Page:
Hardware Review: Analogue Interactive's Wooden Neo Geo MVS
Posted by Damien McFerran
"Naked" is not a term that one can so easily apply to Analogue’s effort, however. Bedecked in a gorgeous wood casing, this feels more like a piece of expensive Hi-Fi equipment than it does a game console. Everything has been hand-finished, right down to the spring-loaded dust flaps that protect the innards when a cartridge isn’t inserted.
Across the back of the console you’ll discover a plethora of AV outputs – the only one missing is old-fashioned RF, and we can’t imagine many will lament that fact. European gamers will love the inclusion of RGB SCART (which offers fantastic colour and clarity) while those in other parts of the world will be pleased that S-Video makes the cut.
Owners of modern LCD HD televisions will rejoice at the fact that component video is supported, and while we can’t imagine that similar shouts of celebration will accompany the news that composite output is also available, it will at least provide solace to those who cannot use any of the other choices.
A component cable is included with the machine, but if you intend to use any other connection you’ll have to shell out some additional cash for a lead. Analogue Interactive are prepping their own SCART leads, and given the unique nature of the MVS video modification, it’s recommended you don’t use any other variants.
Also inside the box you’ll discover a multi-region power supply, which will work anywhere in the world. It has a two-pin North American connection, so being UK-based we naturally had to pick up a cheap travel adapter to get the ball rolling.
You’re probably wondering by now when controllers are going to mentioned. Sadly, no interface options are included with the Analogue interactive MVS. You’ll need to source your own controllers, but thankfully this isn’t too much of an issue when you have certain online auction sites at your disposal. Pre-owned AES sticks and pads are pretty common (especially the Neo Geo CD variants) and thanks to their rugged design, they’re often as tight and responsive as the day they rolled off the production line. It’s an additional cost you’ll have to shoulder, but if you’re already something of an SNK fan, chances are you may already have an old stick lying around some place anyway.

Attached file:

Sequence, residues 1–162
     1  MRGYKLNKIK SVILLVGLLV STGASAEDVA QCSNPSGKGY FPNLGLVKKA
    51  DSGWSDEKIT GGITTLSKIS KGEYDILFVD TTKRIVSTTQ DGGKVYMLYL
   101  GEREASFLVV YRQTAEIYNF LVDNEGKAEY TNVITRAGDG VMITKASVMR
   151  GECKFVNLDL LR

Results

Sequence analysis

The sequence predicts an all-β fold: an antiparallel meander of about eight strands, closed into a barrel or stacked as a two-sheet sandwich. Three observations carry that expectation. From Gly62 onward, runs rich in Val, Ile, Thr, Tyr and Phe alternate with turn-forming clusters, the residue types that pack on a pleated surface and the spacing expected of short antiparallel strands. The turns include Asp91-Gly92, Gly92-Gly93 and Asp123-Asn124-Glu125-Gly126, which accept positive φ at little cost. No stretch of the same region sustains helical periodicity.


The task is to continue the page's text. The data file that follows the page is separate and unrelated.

Another feature worth mentioning is the inclusion of a Unibios 3.0 chip inside the machine. Without wanting to get too technical, this basically allows you to toggle the default configuration of the machine. You can pick between MVS or AES modes; MVS will allow you to rack up credits (just as you would in the arcade) while the domestic (AES) setting will give you a set number of continues, plus other home-related options. You can also pick the region (some games remove blood on the North American setting), listen to music and even enable a cheat mode, depending on the game in question.